A Take-Home Test


As a little boy, my mom nailed me for stealing a valued possession from a friend’s home. My initial response was, “I did not mean to take it.” I refused to own up to the harsh truth that I had stolen from a friend. I paid dearly! Sadly, we live in a day and age where we tend to blow sin off. We pretend, defend, hide, justify, blame, or minimize. 

  • What is your tendency in relationships when you are forced to own up to mistakes, errors, and sin?  


29 When they came to Jacob their father in the land of Canaan, they told him all that had happened to them, saying, 30“The man, the lord of the land, spoke roughly to us and took us to be spies of the land. 31But we said to him, ‘We are honest men; we have never been spies. 32We are twelve brothers, sons of our father. One is no more, and the youngest is this day with our father in the land of Canaan.’ 33Then the man, the lord of the land, said to us, ‘By this I shall know that you are honest men: leave one of your brothers with me, and take grain for the famine of your households, and go your way. 34Bring your youngest brother to me. Then I shall know that you are not spies but honest men, and I will deliver your brother to you, and you shall trade in the land.’”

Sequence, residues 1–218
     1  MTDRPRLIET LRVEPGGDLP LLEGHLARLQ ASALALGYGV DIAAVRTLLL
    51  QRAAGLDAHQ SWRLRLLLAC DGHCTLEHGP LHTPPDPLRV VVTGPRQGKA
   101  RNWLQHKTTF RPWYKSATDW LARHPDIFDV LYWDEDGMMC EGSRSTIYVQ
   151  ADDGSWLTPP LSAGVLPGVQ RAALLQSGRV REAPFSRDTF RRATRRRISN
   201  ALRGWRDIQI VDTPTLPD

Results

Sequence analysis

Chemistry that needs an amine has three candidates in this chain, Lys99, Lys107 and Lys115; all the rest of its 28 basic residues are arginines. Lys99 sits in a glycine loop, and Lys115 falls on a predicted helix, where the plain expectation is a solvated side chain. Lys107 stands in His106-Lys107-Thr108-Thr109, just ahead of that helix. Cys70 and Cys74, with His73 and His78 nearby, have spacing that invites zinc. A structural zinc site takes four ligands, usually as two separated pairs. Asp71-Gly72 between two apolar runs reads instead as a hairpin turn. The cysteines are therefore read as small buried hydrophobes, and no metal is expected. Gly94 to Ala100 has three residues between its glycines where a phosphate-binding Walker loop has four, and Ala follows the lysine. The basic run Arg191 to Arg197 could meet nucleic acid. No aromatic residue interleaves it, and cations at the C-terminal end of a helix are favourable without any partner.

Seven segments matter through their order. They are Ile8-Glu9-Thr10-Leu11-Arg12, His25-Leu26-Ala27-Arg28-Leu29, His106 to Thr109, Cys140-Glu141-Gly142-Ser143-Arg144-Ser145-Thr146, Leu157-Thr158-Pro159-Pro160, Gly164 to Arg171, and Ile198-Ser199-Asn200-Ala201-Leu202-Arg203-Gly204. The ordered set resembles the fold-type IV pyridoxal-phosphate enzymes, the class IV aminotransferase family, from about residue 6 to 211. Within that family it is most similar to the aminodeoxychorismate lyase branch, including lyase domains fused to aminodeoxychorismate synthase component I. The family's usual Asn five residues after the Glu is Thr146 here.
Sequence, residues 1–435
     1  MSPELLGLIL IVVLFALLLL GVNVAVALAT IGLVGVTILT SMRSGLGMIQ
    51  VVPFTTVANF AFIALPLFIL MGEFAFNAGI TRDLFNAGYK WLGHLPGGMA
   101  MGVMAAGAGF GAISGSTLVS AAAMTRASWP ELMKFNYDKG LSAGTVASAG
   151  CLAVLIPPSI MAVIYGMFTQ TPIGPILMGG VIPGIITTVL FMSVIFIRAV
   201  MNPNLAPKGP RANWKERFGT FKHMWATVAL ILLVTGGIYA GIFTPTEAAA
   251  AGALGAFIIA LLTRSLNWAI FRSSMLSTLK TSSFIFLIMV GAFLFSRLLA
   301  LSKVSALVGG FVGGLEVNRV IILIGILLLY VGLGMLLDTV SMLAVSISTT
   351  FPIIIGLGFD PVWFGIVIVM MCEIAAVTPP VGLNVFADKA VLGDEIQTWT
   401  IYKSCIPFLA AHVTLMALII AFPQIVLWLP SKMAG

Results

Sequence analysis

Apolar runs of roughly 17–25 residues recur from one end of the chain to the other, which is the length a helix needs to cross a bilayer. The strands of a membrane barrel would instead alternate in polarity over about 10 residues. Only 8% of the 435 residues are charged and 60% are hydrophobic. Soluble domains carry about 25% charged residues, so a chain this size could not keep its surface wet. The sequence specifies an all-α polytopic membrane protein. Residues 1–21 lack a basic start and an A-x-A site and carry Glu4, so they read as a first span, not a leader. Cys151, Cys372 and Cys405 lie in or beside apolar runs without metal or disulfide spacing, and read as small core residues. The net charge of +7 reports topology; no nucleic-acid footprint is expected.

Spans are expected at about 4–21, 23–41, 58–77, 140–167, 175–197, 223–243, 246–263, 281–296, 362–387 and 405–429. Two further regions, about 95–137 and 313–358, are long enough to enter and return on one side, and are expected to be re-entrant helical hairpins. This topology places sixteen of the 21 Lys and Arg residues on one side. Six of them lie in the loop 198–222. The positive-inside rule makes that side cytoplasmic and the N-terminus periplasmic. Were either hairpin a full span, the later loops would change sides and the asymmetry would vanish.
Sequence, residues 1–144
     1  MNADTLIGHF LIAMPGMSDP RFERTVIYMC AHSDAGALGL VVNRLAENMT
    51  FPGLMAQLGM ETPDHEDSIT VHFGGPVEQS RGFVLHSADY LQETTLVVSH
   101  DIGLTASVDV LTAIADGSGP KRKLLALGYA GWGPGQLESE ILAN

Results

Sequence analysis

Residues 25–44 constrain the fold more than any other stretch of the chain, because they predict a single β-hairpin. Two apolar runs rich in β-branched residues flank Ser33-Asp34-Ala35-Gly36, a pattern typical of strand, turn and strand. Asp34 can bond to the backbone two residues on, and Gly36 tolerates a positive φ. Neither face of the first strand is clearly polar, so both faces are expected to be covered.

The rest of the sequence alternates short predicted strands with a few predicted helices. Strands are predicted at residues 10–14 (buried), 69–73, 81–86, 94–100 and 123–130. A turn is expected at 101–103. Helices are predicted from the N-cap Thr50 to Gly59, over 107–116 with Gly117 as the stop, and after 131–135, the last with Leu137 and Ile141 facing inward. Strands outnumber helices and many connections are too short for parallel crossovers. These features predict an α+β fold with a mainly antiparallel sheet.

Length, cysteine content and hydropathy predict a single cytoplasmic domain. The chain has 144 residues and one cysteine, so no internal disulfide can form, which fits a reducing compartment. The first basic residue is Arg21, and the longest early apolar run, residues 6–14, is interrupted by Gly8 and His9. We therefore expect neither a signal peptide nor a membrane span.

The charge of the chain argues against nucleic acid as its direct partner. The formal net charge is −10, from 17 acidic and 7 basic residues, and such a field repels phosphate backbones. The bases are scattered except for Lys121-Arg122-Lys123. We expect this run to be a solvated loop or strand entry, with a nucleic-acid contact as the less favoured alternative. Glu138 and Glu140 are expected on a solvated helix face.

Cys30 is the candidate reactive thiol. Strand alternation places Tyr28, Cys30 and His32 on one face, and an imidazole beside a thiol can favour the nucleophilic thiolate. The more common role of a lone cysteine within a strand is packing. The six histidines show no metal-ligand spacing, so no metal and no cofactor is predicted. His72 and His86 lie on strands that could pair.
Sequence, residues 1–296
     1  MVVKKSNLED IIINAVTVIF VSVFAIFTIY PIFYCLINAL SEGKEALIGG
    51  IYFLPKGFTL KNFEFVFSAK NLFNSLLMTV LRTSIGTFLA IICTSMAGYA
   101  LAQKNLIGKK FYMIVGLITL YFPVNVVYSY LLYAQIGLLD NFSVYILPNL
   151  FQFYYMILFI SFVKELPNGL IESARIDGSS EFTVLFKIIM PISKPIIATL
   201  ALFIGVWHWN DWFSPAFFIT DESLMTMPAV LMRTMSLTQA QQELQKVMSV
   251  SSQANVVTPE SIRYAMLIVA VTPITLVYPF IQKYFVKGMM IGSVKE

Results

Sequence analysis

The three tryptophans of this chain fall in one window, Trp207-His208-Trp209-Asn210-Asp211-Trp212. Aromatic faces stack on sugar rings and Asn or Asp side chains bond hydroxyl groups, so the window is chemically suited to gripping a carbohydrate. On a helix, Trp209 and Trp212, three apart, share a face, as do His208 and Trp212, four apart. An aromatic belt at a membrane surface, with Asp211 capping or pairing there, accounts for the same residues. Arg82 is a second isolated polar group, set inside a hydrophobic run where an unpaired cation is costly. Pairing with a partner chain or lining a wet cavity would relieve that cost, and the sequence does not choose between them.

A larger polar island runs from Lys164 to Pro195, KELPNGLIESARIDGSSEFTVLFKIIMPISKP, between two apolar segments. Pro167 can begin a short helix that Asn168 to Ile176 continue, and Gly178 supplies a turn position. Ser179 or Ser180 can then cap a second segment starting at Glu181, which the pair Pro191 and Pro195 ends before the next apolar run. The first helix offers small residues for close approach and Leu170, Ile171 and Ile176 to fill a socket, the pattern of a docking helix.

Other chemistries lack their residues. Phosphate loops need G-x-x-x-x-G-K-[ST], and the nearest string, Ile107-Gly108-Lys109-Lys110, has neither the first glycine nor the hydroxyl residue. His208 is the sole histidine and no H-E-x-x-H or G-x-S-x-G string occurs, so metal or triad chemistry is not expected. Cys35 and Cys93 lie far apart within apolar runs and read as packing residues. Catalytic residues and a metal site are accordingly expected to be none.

35 As they emptied their sacks, behold, every man’s bundle of money was in his sack. And when they and their father saw their bundles of money, they were afraid. 36And Jacob their father said to them, “You have bereaved me of my children: Joseph is no more, and Simeon is no more, and now you would take Benjamin. All this has come against me.” 37Then Reuben said to his father, “Kill my two sons if I do not bring him back to you. Put him in my hands, and I will bring him back to you.” 38But he said, “My son shall not go down with you, for his brother is dead, and he is the only one left. If harm should happen to him on the journey that you are to make, you would bring down my gray hairs with sorrow to Sheol.”

English Standard Version, copyright 2001 by Crossway Bibles. Used by permission. All rights reserved.


  1. Without one of their brothers (Simeon, who was being held in prison in a foreign land), the others returned from Egypt and recounted their encounter with Joseph. How would you describe the general tone of verses 29-34?
  2. What was Jacob attempting to emphasize when he responded in verses 36 and 38?
  3. Put yourself in the brothers’ predicament. How would you have responded? 
  4. What are some of the ways that God has used circumstances to help you see or understand the depth of your sin and your need for God’s grace?


The attitudes of Joseph’s brothers were changing. Faced with a personal crisis, they acknowledged their guilt. They regarded their suffering as righteous, divine punishment. Also, they began to place their father Jacob’s interests above their own. However, their repentance was not yet complete. The process of contrition had to run deeper before reconciliation with Joseph was possible. 

  • Ask God to search your heart for any unresolved guilt. 
  • Open your heart, giving the Lord free reign to convict your conscience to discover a renewed sensitivity to the his leading.